Nietzsche called consciousness our most fallible organ[i], yet despite its inaccuracies it is really the defining element in what it is to be human, and in its constant dialogue with the unconscious and its struggle to be conscious of the non-perceivable, consciousness embodies the amazing complexity of the condition of being human. Despite Nietzsche’s remark, we have no more prized possession and once it has been taught to work well and learned how to maintain itself in proper working order, there should be nothing more dear to us. It is the defining feature of the Homo Sapiens – I am because I know and I know because I’m consciousness – and yet, perhaps Nietzsche was right, as far as humanity as a whole goes, it is in a sad state of neglect, misused, often quite blatantly abused and fragrantly uncared for by most people.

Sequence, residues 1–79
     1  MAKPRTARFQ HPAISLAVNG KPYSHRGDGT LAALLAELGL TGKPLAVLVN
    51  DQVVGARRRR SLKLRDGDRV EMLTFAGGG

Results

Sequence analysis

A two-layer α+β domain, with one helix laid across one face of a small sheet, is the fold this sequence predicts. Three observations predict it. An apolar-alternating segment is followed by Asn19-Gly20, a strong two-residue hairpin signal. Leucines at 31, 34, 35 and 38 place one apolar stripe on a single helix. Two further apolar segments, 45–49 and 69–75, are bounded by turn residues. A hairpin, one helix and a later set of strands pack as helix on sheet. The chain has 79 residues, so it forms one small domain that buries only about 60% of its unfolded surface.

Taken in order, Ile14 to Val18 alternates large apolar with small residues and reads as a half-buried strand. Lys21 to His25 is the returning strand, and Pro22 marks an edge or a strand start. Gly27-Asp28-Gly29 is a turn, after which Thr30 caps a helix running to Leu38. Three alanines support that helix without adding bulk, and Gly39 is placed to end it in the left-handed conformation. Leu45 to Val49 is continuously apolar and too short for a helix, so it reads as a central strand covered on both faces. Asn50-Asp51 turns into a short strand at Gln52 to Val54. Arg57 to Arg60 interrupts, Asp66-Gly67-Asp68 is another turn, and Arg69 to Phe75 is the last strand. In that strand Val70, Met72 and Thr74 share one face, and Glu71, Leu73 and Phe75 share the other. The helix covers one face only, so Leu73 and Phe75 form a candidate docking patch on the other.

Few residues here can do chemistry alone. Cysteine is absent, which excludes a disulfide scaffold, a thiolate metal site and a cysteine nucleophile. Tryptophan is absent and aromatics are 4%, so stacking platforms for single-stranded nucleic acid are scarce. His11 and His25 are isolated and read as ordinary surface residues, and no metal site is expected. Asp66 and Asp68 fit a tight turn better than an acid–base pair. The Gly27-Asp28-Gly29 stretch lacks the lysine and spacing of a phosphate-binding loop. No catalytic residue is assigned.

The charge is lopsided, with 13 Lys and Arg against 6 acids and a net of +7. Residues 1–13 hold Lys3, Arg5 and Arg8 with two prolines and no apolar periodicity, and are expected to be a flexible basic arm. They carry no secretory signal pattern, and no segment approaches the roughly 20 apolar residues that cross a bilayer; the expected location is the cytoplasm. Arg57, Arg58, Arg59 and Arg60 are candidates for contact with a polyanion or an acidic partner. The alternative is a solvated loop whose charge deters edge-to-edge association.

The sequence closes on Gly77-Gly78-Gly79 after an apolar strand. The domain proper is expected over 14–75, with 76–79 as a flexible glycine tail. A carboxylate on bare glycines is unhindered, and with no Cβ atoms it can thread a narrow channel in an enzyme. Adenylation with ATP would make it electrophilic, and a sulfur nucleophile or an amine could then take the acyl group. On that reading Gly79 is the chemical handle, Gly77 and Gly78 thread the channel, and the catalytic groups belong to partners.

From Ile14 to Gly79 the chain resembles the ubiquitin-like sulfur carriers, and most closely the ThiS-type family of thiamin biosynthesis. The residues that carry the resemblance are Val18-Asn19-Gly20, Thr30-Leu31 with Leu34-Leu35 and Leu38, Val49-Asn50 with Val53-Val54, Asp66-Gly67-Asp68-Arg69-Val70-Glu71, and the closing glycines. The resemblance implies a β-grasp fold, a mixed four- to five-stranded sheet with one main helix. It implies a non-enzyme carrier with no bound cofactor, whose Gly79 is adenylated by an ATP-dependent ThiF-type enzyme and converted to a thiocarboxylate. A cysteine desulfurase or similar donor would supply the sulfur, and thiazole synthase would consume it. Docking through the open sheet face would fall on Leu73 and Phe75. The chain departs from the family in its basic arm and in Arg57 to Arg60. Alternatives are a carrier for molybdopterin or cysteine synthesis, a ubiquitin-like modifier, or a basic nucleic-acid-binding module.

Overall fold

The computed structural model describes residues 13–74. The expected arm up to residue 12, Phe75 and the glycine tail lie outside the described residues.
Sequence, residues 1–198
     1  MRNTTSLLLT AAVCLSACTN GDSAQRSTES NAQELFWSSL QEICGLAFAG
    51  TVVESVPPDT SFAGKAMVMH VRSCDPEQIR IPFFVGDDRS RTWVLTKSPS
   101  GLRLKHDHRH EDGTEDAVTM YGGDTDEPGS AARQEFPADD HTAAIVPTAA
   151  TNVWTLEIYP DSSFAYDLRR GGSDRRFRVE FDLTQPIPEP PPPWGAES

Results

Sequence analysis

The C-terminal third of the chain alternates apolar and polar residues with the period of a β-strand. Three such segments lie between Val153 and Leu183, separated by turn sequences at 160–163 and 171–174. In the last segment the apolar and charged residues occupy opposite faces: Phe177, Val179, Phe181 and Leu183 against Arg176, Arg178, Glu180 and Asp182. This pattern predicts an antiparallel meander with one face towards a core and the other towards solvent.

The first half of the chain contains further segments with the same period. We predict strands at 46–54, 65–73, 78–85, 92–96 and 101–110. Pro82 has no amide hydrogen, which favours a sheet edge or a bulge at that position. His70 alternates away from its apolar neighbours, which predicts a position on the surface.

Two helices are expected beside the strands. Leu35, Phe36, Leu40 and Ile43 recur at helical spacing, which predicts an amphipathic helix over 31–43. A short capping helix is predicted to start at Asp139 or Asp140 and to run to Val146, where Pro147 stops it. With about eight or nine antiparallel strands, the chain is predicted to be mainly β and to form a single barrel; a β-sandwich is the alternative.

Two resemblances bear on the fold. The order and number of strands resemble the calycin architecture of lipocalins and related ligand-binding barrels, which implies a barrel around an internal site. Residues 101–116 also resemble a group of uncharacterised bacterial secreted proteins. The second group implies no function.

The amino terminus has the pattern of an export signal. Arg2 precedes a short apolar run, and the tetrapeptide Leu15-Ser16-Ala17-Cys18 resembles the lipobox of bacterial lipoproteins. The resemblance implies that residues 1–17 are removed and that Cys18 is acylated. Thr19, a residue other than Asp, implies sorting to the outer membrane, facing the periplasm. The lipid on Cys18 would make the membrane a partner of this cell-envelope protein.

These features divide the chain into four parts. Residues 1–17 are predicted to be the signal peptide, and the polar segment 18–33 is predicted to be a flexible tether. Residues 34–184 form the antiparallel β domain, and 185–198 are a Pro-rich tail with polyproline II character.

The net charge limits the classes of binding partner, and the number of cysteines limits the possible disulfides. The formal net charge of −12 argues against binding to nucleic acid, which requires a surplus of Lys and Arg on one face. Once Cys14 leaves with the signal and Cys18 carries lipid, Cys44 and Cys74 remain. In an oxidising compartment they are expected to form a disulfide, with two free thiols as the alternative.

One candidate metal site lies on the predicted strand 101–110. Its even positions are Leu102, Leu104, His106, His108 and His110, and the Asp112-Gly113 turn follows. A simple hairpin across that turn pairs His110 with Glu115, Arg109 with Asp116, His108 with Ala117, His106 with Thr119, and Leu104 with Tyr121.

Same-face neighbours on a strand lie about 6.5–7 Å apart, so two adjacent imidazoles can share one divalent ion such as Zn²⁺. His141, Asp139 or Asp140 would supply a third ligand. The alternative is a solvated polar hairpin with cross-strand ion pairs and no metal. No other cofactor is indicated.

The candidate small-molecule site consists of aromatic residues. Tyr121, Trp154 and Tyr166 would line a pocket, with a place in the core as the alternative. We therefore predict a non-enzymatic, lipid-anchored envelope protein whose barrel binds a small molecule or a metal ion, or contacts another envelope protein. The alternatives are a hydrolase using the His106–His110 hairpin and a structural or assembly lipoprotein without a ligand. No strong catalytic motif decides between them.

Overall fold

For humanity to be honest with itself it must protect this human-defining power. Humanity needs to see itself more clearly for what it is – and we are essentially “Sapiens” the animal that knows. Sapiens needs to impose itself, above the term “humanity” itself, not as a new species but as a fulfilment of the potential it has always had, or, better said, as a commitment – perhaps for the first time really – toward fulfilling that potential of being truly conscious of the Universe.
[i] Friedrich Nietzsche, GENEALOGY OF MORALS, 2nd Essay, XVI)